Currently travelling in Laos, we are asking ourselves whether we should drink tap water or not? Could it potentially be dangerous or is it just a matter of a short and light sick?

As I am currently testing it, the water tastes good, but I worry of the tank in the house garden, with plenty of plants inside-out and that seems to serve water in the house we are occupying.

  • Your username suggests you are happy with an alerter native to water - ask if they have any of that :)
    – tim.baker
    Commented Dec 16, 2013 at 19:33
  • 1
    My 2 cent anecdote: I just spent almost two months in Laos, always drank bottled water, and happily ate everything including street food. I never got anything more serious than a few urgent bathroom calls. Commented Dec 18, 2013 at 11:51

4 Answers 4


On top of what has been written by @toy and @user34936, which I can support 100%, I would like to give you the following advice:

When traveling to remoter areas in Asia (I would count Laos into that), and specially if you do not do so frequently (several times a year), you are risking to get Diarrhea as a minimum and intestinal parasites as a worst case scenario where you run risk of severe organ damage in the long run. While the risk is, as mentioned, highest in India, there are 2 levels of caution that go along with the amount of inconvenience you have to face to execute them:

Easiest level, should prevail in most developing countries in Asia, can be ignored in Japan, mostly also in Hong Kong & Singapore for example:

  1. Do not drink Tap water
  2. Do not rinse your mouth with tap water after brushing your teeth (sounds stupid, but you always ingest some of it, and if you follow step 1, this is a direct consequence. That's why a lot of hotels in Asia have small bottles of water now standing next to the sink instead of in the room)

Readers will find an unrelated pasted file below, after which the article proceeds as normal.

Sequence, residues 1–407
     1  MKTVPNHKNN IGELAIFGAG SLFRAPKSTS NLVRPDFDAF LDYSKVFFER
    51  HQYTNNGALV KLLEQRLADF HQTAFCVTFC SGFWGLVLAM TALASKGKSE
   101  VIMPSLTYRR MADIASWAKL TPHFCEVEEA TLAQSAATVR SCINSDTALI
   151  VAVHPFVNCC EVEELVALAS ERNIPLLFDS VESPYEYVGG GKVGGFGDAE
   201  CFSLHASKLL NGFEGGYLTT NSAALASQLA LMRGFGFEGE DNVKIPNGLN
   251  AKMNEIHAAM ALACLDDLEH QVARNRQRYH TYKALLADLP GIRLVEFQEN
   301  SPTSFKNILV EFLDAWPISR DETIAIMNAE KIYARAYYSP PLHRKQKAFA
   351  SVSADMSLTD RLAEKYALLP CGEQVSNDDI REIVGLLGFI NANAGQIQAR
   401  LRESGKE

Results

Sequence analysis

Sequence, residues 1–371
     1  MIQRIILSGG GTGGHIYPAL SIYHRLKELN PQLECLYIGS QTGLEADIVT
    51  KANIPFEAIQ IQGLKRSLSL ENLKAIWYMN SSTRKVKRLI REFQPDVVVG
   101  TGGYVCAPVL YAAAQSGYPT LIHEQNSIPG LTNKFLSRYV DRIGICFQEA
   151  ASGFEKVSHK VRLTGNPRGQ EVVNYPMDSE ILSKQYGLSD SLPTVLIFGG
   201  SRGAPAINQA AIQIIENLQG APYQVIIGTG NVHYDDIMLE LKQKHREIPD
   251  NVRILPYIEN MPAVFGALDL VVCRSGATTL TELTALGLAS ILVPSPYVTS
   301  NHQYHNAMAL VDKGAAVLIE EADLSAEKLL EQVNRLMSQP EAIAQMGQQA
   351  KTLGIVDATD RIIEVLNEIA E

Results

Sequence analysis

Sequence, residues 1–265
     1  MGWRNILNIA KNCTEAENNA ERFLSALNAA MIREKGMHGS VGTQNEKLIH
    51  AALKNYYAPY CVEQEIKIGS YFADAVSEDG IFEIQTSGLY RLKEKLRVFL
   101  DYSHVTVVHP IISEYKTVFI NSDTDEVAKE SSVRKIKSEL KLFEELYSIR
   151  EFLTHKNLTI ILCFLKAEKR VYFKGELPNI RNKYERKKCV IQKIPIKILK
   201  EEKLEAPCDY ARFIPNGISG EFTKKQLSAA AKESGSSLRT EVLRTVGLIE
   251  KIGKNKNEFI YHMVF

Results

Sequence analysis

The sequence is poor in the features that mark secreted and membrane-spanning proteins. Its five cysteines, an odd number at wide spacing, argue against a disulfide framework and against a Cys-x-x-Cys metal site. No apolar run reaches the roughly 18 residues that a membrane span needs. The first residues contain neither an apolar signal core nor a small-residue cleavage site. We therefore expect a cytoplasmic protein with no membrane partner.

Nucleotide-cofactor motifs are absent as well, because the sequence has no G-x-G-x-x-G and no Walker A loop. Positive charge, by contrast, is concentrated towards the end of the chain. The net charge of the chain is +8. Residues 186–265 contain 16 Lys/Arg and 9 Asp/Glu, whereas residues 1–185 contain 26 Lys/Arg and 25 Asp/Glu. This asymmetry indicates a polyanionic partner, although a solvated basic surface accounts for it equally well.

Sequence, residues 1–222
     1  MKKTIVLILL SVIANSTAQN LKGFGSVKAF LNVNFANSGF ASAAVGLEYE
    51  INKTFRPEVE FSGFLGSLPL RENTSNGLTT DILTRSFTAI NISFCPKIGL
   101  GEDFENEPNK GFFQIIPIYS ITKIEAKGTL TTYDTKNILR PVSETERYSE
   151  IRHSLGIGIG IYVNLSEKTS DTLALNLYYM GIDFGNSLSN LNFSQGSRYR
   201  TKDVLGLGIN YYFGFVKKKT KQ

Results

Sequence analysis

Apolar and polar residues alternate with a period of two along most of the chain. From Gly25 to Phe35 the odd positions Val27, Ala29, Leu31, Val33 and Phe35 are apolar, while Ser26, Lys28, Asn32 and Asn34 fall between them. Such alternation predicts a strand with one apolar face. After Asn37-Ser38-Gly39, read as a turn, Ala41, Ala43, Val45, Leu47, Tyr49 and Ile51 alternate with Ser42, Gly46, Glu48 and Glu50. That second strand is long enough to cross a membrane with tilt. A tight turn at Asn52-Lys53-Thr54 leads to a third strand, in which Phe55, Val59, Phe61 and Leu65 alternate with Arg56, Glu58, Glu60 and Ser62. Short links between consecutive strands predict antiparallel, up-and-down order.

3. Do not eat cold street food, specially fruits, ice cream etc.

Next level, should be observed in any remote, rural area of the developing countries outside of international hotel chains and in almost all of India:

  1. Do not eat any uncooked food, such as salads
  2. Do not eat unpeeled fruits and do never eat water melons. They are sometimes injected with water to make them heavier.
  3. Do not eat anything that has to have a consistent cooling chain without unfreezing such as ice cream, imported fish etc.
  4. Basically do not eat anything that is not served by established restaurants or hotels that you would find in a tourist guide.
  5. be very careful with ice cubes. Rather drink what has been cooled in a closed container such as cans & bottles than ice cubes.

The issue here is that you have to decide how much you want to reduce your flexibility in the country to avoid a light diarrhea and how much experience you have when traveling across the world in remote places. You body will build up resistance against a lot of bacteria types if ingested in small quantities. However I know a person who lived in China and other places such as Hong Kong for all their life who got a parasite in India that caused a almost 100% kidney failure and repeated operations over the following years. Also: While asking for bottled water might become quickly expensive since the hotels try to sell you Perrier etc, asking specifically for local bottled water is often a safe but very cheap alternative.